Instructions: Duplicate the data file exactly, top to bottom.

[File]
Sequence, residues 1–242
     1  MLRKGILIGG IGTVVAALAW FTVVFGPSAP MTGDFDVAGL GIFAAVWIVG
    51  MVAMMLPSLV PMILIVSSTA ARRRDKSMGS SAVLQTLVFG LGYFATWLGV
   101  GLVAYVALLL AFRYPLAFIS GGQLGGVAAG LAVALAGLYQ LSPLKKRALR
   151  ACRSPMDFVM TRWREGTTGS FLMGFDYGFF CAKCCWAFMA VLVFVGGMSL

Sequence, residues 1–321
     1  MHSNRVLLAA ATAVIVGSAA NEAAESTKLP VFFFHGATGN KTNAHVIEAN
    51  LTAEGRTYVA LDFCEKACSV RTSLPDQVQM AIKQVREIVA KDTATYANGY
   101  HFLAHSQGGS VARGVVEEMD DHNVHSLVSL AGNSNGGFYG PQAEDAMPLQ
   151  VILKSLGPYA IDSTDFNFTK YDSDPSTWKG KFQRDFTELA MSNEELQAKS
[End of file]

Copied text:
Sequence, residues 1–242
     1  MLRKGILIGG IGTVVAALAW FTVVFGPSAP MTGDFDVAGL GIFAAVWIVG
    51  MVAMMLPSLV PMILIVSSTA ARRRDKSMGS SAVLQTLVFG LGYFATWLGV
   101  GLVAYVALLL AFRYPLAFIS GGQLGGVAAG LAVALAGLYQ LSPLKKRALR
   151  ACRSPMDFVM TRWREGTTGS FLMGFDYGFF CAKCCWAFMA VLVFVGGMSL

Sequence, residues 1–321
     1  MHSNRVLLAA ATAVIVGSAA NEAAESTKLP VFFFHGATGN KTNAHVIEAN
    51  LTAEGRTYVA LDFCEKACSV RTSLPDQVQM AIKQVREIVA KDTATYANGY
   101  HFLAHSQGGS VARGVVEEMD DHNVHSLVSL AGNSNGGFYG PQAEDAMPLQ
   151  VILKSLGPYA IDSTDFNFTK YDSDPSTWKG KFQRDFTELA MSNEELQAKS